Integrated hotspot analysis: negatieve en positieve impact van voedsel

True Price en Wageningen Economic Research hebben in opdracht van het ministerie van Economische Zaken een methodiek ontwikkeld waarmee positieve en negatieve maatschappelijke effecten van de productie en consumptie van voedsel in beeld kunnen worden gebracht. Het doel is om bedrijven en consumenten hiermee meer mogelijkheden te geven beslissingen te nemen die bijdragen aan een duurzamere voedselketen. Lees het kamerstuk van de Staatssecretaris van Economische Zaken hier.

De effecten

Positieve effecten van voedsel zijn bijvoorbeeld: meer werkgelegenheid, hogere salarissen, kennisopbouw en meer gezondheid. Negatieve effecten zijn onder meer: klimaatverslechtering, watervervuiling, biodiversiteitsverlies, kinderarbeid en onderbetaling. Uit het onderzoek blijkt dat een berekening van de ‘echte’ prijs in euro’s van voedselproducten, waarin alle externe effecten zijn meegenomen complex en op korte termijn nog niet haalbaar is. Daarvoor is bijvoorbeeld niet voldoende data beschikbaar. De nu ontwikkelde nieuwe methodiek kan daarentegen snel worden uitgevoerd, en is tegelijkertijd objectief en empirisch onderbouwd.

De nieuwe methodiek

De methodiek is als casestudie toegepast op vijf voedselproducten: tafelaardappel, verse sperziebonen uit de vollegrond, volle melk, rundergehakt uit de melkveehouderij en pure chocolade. Uit de studie blijkt bijvoorbeeld dat melk relatief positief scoort op gezondheid en negatief op luchtkwaliteit. Sperziebonen scoren relatief positief op de gezondheid van de consument en heeft een beperkt effect op de waterkwaliteit. Een nadeel van de sperzieboon is dat er per euro bonen veel land nodig is en dat er in vergelijking tot het gemiddeld voedselproduct veel mest wordt gebruikt, wat leidt tot broeikasgasemissies en een achteruitgang van de biodiversiteit. Wageningen Economic Research en True Price zullen de methodiek de komende periode verder uitwerken voor een aantal andere voedingsproducten.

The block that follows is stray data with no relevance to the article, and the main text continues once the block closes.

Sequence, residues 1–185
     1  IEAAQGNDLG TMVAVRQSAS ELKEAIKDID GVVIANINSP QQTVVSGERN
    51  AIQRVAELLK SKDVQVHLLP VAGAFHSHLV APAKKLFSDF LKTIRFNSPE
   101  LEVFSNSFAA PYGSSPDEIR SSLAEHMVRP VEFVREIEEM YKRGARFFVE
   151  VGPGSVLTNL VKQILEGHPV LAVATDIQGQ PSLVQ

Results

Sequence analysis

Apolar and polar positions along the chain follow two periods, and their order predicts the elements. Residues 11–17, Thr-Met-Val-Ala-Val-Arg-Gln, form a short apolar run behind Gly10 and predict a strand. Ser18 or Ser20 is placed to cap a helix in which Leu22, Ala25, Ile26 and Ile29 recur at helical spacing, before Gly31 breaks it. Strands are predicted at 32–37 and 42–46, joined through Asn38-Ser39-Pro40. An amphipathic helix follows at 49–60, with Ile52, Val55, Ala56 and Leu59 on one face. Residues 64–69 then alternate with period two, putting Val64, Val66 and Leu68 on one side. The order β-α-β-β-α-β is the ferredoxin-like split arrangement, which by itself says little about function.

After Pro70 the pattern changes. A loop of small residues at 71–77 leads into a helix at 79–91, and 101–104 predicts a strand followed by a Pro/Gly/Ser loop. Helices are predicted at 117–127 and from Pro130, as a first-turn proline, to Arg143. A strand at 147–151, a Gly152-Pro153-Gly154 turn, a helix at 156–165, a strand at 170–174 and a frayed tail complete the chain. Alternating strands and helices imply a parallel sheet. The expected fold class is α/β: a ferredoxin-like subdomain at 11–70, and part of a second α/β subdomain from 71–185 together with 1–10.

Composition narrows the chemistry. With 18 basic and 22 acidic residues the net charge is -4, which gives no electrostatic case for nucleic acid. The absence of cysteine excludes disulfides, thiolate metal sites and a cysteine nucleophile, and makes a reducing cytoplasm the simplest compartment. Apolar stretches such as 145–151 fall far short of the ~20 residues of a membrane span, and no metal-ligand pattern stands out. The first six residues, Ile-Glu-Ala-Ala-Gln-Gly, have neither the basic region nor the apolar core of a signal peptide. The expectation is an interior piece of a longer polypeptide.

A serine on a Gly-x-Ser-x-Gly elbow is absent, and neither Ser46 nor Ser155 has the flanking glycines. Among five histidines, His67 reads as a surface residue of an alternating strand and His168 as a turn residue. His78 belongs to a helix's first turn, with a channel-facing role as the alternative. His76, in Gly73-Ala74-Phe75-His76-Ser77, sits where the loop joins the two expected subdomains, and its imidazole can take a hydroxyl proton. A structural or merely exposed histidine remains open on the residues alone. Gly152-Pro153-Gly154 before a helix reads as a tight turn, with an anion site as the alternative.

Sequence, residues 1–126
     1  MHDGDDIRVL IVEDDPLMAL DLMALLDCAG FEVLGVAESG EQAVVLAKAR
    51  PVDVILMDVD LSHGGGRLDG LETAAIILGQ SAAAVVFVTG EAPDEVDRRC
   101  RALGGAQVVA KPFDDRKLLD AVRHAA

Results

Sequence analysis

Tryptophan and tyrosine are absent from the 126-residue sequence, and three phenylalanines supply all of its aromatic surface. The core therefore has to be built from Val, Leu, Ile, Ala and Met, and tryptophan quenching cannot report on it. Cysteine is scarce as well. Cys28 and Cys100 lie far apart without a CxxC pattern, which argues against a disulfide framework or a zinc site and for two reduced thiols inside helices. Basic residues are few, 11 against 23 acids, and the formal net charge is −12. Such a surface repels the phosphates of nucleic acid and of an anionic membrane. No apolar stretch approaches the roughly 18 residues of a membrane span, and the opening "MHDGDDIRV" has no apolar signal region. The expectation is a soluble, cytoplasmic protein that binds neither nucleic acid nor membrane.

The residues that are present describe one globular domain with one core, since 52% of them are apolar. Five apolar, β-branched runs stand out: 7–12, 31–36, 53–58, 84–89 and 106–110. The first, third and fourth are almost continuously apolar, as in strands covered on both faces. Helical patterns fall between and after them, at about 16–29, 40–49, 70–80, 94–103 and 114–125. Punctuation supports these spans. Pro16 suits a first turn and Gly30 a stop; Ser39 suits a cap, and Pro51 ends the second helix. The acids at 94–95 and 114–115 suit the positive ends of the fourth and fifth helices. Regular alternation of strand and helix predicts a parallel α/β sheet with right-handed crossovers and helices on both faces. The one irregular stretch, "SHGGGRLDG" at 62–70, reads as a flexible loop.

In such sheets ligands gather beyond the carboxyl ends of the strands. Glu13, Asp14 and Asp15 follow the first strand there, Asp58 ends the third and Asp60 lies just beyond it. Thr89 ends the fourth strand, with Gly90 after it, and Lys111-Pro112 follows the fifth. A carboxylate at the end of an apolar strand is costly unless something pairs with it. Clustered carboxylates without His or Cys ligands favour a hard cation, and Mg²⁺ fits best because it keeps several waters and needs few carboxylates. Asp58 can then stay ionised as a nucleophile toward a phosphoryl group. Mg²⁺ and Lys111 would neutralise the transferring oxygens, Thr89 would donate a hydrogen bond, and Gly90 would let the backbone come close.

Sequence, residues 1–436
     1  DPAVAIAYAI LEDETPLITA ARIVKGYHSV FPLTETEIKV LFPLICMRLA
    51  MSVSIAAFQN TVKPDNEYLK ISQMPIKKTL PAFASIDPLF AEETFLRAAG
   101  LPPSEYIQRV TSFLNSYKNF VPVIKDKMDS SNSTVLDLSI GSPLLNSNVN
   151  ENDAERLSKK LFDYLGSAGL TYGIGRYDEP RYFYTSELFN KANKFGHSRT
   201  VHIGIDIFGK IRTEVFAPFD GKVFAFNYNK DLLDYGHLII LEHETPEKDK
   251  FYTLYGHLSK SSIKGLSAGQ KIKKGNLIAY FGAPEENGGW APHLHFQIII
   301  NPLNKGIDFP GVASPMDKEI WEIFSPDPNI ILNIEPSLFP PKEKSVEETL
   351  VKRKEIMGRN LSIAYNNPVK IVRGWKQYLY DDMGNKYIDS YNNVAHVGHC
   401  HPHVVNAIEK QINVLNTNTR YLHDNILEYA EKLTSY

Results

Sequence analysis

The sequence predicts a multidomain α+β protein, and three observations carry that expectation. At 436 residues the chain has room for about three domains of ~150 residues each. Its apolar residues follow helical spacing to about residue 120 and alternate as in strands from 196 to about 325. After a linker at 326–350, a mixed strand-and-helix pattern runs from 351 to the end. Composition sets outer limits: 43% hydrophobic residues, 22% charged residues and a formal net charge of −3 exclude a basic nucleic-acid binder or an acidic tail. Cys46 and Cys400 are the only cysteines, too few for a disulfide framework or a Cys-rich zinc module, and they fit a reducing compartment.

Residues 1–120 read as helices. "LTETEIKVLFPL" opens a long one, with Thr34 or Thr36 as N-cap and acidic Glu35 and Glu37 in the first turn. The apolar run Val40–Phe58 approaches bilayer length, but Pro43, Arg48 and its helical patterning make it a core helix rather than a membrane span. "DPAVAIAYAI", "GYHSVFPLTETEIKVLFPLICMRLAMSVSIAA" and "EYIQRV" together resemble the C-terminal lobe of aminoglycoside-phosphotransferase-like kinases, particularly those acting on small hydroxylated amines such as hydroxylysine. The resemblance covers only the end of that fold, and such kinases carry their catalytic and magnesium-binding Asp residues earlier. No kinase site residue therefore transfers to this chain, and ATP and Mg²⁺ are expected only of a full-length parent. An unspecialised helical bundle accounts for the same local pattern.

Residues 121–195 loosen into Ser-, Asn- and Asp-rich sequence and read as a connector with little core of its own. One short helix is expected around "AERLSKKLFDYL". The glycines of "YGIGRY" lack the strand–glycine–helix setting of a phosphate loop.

In welk mate producten maatschappelijke effecten hebben, wordt in figuur 1 weergegeven. De systematiek kan op alle voedselproducten worden toegepast. De methodiek geeft geen absolute oordelen over of iets goed of slecht is, maar relatieve scores ten opzichte van gemiddelde effecten van voedsel.

Figuur 1: Maatschappelijke effecten van de productie en consumptie van volle melk

Integrated hotspot analysis
De zes kapitalen van het IIRC
Er is gekozen voor de indeling van zes kapitalen van het International Integrated Reporting Council, onder meer omdat deze het beste aansluit bij de verslaggevingspraktijk van bedrijven in Nederland. De zes gehanteerde kapitalen zijn financieel, geproduceerd, intellectueel, natuurlijk, sociaal en menselijk kapitaal. Binnen deze kapitalen zijn er in totaal 38 impactcategorieën (specifieke maatschappelijke effecten) onderscheiden om alle relevante maatschappelijke effecten van voedsel te dekken. Deze effecten worden beoordeeld als een relatieve score van een product op voor het effect op een kapitaal ten opzichte van een gemiddeld product.

Lees het volledige onderzoek en voorstel van True Price en WUR hier

Integrated Hotspot Analysis: the negative and positive impacts of food

Commissioned by the Dutch Ministry of Economic Affairs, True Price and Wageningen Economic Research have developed an approach where positive and negative societal effects of the production and consumption of food can be monitored. The goal is to ultimately provide businesses and consumers with more possibilities to take decisions which will result in contributing to a more sustainable food chain. Read the letter of the State Secretary of Economic Affairs Martijn van Dam here.   

The effects

The new approach has been applied to five food products. Potatoes, fresh green beans, whole milk, minced beef from the dairy farm and pure chocolate. Examples of positive effects of food are: more employment, higher salaries, knowledge building and increased health. Negative effects are e.g. climate change, water pollution, biodiversity, child labor and underpayment.